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Beyond the Gut: Unveiling the Liver Complications in IBD

Inflammatory bowel disease (IBD) encompasses chronic, immune-mediated gastrointestinal disorders that often lead to extraintestinal manifestations, including significant hepatobiliary complications. This meta-analysis evaluated the prevalence of hepatic issues among IBD patients by reviewing 118 cohort studies from PubMed, Scopus, Web of Science, and Embase. Analyzing data from 1,729,128 patients, the study found that 3.49% experienced hepatic manifestations. Non-alcoholic fatty liver disease was present in 26.1% of 228,216 patients, while 1.67% of 9,642 patients had primary sclerosing cholangitis. Biliary stones appeared in 4.1%, and rarer conditions like autoimmune hepatitis and portal vein thrombosis were identified in 0.51% and 0.21% of cases, respectively. These findings highlight the critical need for vigilant monitoring and management of liver complications in IBD patients, enhancing overall patient care and outcomes.

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Hidden Dangers: Elevated Cardiovascular Risks in IBD Patients, Especially Women

The connection between inflammatory bowel disease (IBD) and cardiovascular disease (CVD) risks remains ambiguous. This meta-analysis examined studies from PubMed and Web of Knowledge up to December 2017 to clarify this link. Analyzing 27 articles, including 11 on CVD incidence and 16 on CVD mortality, revealed significant findings. IBD patients faced increased risks for cerebrovascular disease (25% higher), coronary heart disease (17% higher), and myocardial infarction (12% higher), with women particularly vulnerable. Despite these elevated incidence rates, there was no significant increase in CVD mortality for Crohn's disease or ulcerative colitis patients. These findings underscore the importance of cardiovascular monitoring in IBD patients, with heightened vigilance for female patients.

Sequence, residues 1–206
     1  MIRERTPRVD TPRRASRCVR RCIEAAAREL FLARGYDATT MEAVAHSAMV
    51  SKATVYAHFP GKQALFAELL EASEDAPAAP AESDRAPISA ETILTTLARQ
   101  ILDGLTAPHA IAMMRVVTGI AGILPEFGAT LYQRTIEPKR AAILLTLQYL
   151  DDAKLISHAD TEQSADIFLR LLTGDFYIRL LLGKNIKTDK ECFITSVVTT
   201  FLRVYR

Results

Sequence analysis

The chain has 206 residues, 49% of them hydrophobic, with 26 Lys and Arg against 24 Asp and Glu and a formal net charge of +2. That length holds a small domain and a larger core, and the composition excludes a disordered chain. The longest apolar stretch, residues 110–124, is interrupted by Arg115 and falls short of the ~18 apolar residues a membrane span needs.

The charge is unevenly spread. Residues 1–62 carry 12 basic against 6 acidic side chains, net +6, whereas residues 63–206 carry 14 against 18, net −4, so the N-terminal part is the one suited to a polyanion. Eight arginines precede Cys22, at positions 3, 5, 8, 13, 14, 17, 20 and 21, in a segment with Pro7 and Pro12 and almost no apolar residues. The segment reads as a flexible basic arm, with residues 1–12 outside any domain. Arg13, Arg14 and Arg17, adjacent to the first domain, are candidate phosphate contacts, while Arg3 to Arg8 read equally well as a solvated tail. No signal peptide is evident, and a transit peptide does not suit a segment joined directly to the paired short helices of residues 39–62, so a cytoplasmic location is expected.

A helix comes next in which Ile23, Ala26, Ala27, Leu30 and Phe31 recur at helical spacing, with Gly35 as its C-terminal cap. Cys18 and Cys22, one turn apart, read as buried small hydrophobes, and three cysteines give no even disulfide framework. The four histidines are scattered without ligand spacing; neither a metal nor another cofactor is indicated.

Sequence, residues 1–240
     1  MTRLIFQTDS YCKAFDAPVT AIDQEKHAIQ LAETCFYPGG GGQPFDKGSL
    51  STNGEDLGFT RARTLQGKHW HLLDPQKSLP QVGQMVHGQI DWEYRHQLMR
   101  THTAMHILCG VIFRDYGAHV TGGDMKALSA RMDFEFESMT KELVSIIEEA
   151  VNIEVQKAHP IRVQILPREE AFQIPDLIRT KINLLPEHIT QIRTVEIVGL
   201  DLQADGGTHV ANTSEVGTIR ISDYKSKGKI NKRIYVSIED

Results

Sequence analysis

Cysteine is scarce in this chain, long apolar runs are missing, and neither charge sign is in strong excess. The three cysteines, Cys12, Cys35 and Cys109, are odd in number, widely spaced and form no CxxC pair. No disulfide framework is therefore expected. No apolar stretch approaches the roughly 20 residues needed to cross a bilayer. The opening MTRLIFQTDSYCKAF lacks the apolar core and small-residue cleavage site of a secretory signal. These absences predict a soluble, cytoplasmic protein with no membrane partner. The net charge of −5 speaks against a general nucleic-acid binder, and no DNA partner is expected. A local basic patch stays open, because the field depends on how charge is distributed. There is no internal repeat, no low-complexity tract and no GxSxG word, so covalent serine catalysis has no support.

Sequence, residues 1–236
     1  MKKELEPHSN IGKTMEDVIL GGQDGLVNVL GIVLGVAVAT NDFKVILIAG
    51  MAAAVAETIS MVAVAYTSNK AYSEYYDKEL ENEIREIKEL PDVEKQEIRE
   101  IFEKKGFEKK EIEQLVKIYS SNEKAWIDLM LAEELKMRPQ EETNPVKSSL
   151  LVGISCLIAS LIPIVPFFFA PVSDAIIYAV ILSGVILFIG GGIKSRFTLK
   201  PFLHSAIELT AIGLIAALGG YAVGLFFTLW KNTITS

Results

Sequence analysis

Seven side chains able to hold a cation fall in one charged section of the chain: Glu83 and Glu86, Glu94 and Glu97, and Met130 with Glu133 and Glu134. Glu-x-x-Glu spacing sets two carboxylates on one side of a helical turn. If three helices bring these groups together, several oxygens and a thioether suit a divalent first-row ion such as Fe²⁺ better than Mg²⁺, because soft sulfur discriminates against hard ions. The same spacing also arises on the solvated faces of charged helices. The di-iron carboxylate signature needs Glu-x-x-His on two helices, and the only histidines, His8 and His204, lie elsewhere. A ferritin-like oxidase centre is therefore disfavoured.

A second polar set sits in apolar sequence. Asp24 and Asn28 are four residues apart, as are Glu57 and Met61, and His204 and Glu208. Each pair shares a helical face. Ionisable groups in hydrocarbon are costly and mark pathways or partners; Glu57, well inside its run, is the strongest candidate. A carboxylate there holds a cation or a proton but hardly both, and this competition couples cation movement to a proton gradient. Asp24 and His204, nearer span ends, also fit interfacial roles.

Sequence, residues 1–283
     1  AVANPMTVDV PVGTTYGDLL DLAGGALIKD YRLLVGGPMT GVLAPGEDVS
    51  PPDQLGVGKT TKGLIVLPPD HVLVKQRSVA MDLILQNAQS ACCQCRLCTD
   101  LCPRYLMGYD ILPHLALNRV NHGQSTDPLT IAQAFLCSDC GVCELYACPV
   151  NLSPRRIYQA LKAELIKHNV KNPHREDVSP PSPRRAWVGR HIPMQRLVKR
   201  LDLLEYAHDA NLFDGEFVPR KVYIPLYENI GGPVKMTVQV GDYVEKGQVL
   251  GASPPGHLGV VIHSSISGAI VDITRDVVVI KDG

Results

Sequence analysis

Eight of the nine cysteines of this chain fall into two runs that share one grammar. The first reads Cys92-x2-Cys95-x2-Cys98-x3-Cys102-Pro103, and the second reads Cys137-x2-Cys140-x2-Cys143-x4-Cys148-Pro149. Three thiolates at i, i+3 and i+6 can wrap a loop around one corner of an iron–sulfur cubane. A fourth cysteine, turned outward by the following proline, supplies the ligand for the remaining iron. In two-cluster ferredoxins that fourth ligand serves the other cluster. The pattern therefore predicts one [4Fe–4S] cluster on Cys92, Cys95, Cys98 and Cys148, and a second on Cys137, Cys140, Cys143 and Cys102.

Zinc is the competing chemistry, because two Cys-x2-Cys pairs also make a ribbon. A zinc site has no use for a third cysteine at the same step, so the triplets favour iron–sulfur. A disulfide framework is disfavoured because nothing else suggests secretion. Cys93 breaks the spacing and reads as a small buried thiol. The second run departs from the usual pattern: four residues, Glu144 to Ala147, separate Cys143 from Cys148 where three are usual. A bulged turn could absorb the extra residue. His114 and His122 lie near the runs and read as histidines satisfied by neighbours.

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Vedolizumab: A Mixed Bag for IBD Patients with Extraintestinal Issues

Extraintestinal manifestations (EIMs) significantly impact inflammatory bowel disease (IBD) patients, and while vedolizumab (VDZ) targets the gut, its effects on EIMs are unclear. This meta-analysis reviewed 21 studies from databases like PubMed and Cochrane CENTRAL to evaluate VDZ's impact on EIMs. Among 386 VDZ-treated IBD patients, 39% saw resolution of pre-existing EIMs, with notable improvements in articular-related EIMs (40%) and erythema nodosum (50%). However, 28% of 376 patients experienced exacerbations, particularly in arthritis/arthralgia (28%) and erythema nodosum/pyoderma gangrenosum (18%). New EIMs developed in 15% of 2541 patients, primarily articular-related (11%). Thus, while VDZ is effective for certain skin and joint EIMs, some patients may experience exacerbations, highlighting the need for careful monitoring.